PETALING JAYA: Malaysians can expect to pay at least 15%-20% more for seafood during the Chinese New Year period because of a supply drought, according to the fish trade.
Sing Kiang Hock, chairman of the Kuala Lumpur Hoi Seong Fish Wholesalers Association, said prices were rising as about a fifth of the fishermen were remaining on shore, hampered by a lack of manpower and the high cost of fuel.
Adding to this is the bad weather and strong winds, he told FMT.
He said items such as silver pomfret and prawns will go up the most as they are highly sought after.
“In my 20 years in this business, I’ve never seen such record breaking prices.
He said white pomfret was going for RM160 for 500gm, while the price of prawns was RM80 per kilogramme, fourfinger threadfin (senagin) RM28, Indian threadfin (kurau) RM62, snapper RM38, grouper RM36 and squid RM43.
“Silver pomfret and prawns will be sold directly to restaurants. You won’t be able to get them at the wet markets in KL. If you’re lucky, you can get them directly at the fishing villages or online.”
An FMT survey at three markets in the city showed that seafood prices have already gone up.
Sim Sam Eon, 28, a fishmonger at the Sentul wet market, said prices have gone up by 10% to 15%.
“For example, snapper used to be RM30 per kg, now it’s RM40. Large prawns were RM50 now RM60. Demand for silver pomfret and grouper will also increase before Chinese New Year.”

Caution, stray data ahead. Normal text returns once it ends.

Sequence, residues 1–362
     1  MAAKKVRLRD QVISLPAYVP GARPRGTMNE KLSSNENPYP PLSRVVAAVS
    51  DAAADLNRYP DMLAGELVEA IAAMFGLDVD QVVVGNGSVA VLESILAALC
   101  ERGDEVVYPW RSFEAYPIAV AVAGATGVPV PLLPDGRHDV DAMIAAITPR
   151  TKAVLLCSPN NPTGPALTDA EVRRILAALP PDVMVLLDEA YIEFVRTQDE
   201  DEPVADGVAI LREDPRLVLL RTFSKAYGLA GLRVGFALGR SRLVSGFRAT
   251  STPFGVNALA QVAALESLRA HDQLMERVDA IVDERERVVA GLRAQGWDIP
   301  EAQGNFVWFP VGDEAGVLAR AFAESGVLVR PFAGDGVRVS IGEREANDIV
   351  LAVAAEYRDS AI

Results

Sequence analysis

At the Chow Kit wet market, fishmonger Yap Geok Lay said despite the skyrocketing prices, her customers are not skimping on purchases.
“Customers are still buying prawns at similar volumes. They’re essential for Chinese New Year,” she said.
Vegetables will be cheaper
The positive side is that while seafood prices soar, vegetable prices are expected to go down by more than half in the next two weeks as the weather improves.
“Prices are steadily falling and vegetables will only become cheaper” because there were no problems with supplies, KL Vegetable Wholesalers Association president Wong Keng Fatt said.
A check at the Pudu market however showed that prices still remained high due to the almost daily rain in the last month.
Ah Kong, 60, a vendor in Pudu, said the price of brinjal increased from RM6 per kg to RM11 while green beans (kacang buncis) increased from RM8 to RM13.”
In Sentul, vendor Jeyabalan Sangkramaniam, 56, said customers are buying less due to the high prices. “They would rather not cook,” he remarked.
As for poultry prices, the government has set the ceiling price of chicken at RM9.40 per kg but this could change for the festive period.